Elmer R. Easton
Reporting Companies Beware: SOX 409 Will Knock Your Socks Off
The Sarbanes-Oxley Act of 2002, an Act " To protect Investors by improving the accuracy and reliability of corporate disclosures made pursuant to the securities laws, and for other purposes"
The advent of the Sarbanes-Oxley Act (waggishly known as the Accountants Health & Welfare Act of 2002) is seen by many as an exercise in checklist conformance. Others claim it to be another government intrusion in the practice of free enterprise. And still others laud it as an Enron-accelerated effort by the Feds (to wit, the SEC) to foster corporate truth-in-telling. Yet even Mr. Sarbanes and Mr. Oxley can't quite agree upon its ultimate interpretation, intent and value (WSJ 7.24.03).
But most agree with its potential impact as an extension to the Act of '33 and the Exchange Act of '34. As such, it is viewed as a wakeup call, no matter the scope of compliance. And that is the key word: Compliance. It appears that almost every major accounting company, business intelligence software purveyor and consulting organization is viewing Sarbanes-Oxley ("SOX") "compliance" as a new trough upon which to feed, fueled by their clients' fear of non-compliance retribution.
And the fear is well founded! But not for ignorance or non-compliance with the issues stressed by these current suppliers. True: It is important to respect the dozens of caveats concerning outside auditor "musts" and "Musts-not", internal audit committee composition and responsibility, and the Section 404-prescribed auditor certification of internal controls. Granted that the CEO and CFO can no longer claim ignorance of financial malfeasance and must attest to the accuracy of the published reports -- 10Q, 10K and 8K, accordingly.
The fear has to do with Title IV Section 409. And well it should! Consider the pertinent opening words of the Act: "To protect investors by improving the accuracy and reliability of corporate disclosures ..." Then consider that an investor in a particular security makes a decision every day whether or not to continue to own that security. There is scant comfort, from an investment decision perspective, to know that a company has complied with the voluminous check list or has satisfactory internal controls or that which is published is accurate.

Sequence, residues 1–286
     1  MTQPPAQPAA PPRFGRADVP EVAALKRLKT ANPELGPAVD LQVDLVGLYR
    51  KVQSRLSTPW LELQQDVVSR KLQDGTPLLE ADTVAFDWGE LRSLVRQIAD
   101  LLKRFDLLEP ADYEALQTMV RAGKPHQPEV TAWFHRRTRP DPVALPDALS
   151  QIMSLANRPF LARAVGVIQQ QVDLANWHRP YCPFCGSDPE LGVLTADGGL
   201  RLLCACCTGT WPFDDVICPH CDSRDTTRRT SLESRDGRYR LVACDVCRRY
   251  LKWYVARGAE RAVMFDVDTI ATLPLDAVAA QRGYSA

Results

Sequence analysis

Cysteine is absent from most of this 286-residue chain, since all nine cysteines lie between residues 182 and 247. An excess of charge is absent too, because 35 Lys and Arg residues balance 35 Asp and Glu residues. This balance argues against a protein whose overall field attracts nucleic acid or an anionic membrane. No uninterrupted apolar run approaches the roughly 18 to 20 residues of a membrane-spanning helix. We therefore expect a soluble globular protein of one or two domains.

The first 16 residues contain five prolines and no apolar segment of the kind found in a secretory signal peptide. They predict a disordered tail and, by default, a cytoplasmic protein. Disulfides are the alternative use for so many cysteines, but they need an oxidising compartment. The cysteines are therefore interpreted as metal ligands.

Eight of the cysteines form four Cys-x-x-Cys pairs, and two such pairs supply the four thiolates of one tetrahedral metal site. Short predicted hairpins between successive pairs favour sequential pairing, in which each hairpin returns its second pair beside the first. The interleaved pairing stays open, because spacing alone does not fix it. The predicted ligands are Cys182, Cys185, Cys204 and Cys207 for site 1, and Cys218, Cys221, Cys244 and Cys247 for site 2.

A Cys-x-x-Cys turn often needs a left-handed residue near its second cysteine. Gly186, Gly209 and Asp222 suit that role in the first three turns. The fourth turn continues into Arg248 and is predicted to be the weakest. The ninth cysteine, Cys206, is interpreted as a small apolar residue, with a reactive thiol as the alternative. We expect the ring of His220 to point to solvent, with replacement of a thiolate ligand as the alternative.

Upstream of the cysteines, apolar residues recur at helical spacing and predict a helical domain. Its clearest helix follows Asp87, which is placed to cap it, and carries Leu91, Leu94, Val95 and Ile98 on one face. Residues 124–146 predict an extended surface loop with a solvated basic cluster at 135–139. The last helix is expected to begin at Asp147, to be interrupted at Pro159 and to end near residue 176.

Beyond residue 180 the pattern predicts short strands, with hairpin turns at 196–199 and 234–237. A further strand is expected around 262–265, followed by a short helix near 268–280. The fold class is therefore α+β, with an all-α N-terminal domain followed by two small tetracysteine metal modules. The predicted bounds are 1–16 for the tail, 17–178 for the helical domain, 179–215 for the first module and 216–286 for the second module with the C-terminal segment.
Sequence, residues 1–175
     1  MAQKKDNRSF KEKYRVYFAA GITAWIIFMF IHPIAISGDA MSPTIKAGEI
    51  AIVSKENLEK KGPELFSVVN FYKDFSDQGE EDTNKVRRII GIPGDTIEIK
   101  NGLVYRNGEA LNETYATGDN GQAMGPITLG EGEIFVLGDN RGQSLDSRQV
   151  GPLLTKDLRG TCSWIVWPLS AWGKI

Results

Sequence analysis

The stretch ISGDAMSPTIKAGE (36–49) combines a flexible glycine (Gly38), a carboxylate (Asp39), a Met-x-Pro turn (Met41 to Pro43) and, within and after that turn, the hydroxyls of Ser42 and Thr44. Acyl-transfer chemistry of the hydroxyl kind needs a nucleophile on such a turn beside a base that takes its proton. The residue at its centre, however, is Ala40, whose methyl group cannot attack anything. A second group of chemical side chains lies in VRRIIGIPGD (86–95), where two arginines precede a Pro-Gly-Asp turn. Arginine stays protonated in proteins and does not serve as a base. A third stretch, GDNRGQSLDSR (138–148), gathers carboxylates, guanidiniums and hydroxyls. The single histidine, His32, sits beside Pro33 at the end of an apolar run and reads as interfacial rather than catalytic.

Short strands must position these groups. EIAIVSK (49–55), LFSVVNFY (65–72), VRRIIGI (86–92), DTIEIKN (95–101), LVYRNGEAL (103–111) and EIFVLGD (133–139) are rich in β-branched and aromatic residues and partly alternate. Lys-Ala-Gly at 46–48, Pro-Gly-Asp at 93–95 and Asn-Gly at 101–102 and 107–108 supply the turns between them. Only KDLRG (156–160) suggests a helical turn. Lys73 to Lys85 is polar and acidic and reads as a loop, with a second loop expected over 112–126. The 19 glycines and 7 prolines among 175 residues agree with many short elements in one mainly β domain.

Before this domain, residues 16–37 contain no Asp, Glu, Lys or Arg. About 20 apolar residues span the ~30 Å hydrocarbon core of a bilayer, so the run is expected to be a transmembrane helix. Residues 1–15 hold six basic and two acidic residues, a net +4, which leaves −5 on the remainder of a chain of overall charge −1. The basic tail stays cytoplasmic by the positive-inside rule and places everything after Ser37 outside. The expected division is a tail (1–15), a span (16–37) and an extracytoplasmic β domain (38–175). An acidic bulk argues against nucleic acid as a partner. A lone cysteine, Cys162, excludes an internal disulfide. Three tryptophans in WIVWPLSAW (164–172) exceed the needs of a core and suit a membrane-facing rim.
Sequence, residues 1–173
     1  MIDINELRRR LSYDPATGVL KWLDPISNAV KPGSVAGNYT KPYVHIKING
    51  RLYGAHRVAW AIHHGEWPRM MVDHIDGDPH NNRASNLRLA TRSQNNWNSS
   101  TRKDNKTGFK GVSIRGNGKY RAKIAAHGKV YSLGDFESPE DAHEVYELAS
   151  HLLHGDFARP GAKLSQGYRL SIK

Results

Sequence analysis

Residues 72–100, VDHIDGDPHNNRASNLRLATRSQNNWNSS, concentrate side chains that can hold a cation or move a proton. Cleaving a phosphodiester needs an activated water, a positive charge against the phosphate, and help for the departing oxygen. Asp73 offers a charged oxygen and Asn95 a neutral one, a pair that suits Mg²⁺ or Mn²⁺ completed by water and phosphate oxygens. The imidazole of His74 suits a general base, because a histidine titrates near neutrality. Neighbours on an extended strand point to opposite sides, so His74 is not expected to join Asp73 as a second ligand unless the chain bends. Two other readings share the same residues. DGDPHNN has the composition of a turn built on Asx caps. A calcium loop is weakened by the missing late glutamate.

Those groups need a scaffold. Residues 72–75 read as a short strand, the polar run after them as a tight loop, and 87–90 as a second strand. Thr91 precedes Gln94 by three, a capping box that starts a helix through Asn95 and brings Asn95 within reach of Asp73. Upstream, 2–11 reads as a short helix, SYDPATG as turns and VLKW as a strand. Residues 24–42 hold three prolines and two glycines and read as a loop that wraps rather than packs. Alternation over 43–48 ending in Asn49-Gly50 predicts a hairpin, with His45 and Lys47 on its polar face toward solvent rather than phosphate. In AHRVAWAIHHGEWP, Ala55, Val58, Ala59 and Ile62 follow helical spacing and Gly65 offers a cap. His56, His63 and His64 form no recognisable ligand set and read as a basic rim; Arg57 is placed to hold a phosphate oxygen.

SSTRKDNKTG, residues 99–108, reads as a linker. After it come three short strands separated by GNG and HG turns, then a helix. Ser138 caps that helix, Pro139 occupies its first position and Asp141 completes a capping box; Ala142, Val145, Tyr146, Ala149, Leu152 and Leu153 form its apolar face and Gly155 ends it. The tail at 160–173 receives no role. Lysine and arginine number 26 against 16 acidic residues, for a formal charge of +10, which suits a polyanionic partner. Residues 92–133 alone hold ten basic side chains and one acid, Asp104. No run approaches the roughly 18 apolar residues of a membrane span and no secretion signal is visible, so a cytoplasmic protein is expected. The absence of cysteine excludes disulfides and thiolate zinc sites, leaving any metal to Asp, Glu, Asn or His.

So therefore consider, out of eleven Titles with sixty three Sections, only one Section - number 409, exhorts a company (called the "Issuer") to provide the kind of information suited to an investment decision. Depending on whether you are an investor or an Issuer, SOX 409 is a "sweet spot" or a "smoking gun". And perched on the sidelines is the Strike Bar, sensing the fresh meat incident to material non-compliance. And that's enough to knock your socks off!
To make the point, it is necessary to examine and interpret Section 409, to parse it line by line, partially rearranged for emphasis:
The operative words are "rapid" and "current" and "material", all subject to interpretation. Rapid and current mean that it behooves a company to fashion ("model") its reporting financials in a manner that material changes can be readily incorporated.
Material means information that could affect an investor's decision to "keep", "buy" or "sell". Simply put: "In which direction do the company's fortune appear directed."
Unusual words for an act of congress. (Not the only place in the Act for unusual words. In another section, WorldCom is cited as an example of malfeasance). Nevertheless, the intent is clear: "No fancy legal or accounting jargon, please!"
This may be the heart of the disclosure regimen. "However things went before - the last 12 months, the last 8 quarters, the last five years - will it continue looking forward?"
And if the answer is "no", which may mean that "things will be better", the why and the when are pertinent. This brings us back to the requirement for a "model" designed to determine these answers, quickly and simply.
If trend is the heart of disclosure, qualitative is the soul. The dictionary definition: "The degree or grade of excellence". The likely SOX definition: "The optimum future performance, positive and negative". And still again, a relevant model will be an invaluable tool, particularly if it takes into account the relevant bounds and constraints.
Graphs and charts are a common component of annual and sometimes quarterly reports. They don't accompany 10K and 10Q documents, retrievable from Edgar On-line, et al. But when they are provided, their design is hardly ever sufficient to properly determine trends, and if used by an investor for this purpose, it can lead to improper conclusions.
On the other hand, charts and graphs of various natures could be a feature of or accompaniment to the trend analysis described earlier. They could show corrections for anomalies; they could show potential projections for the future; they could show "what if ..."; they could show "quality", they could show bounds and constraints related to specific contributing items or variables. They could be a powerful tool for an investor's deliberative process.
This sums it up nicely and reverts to the opening statement of the Act and this discourse.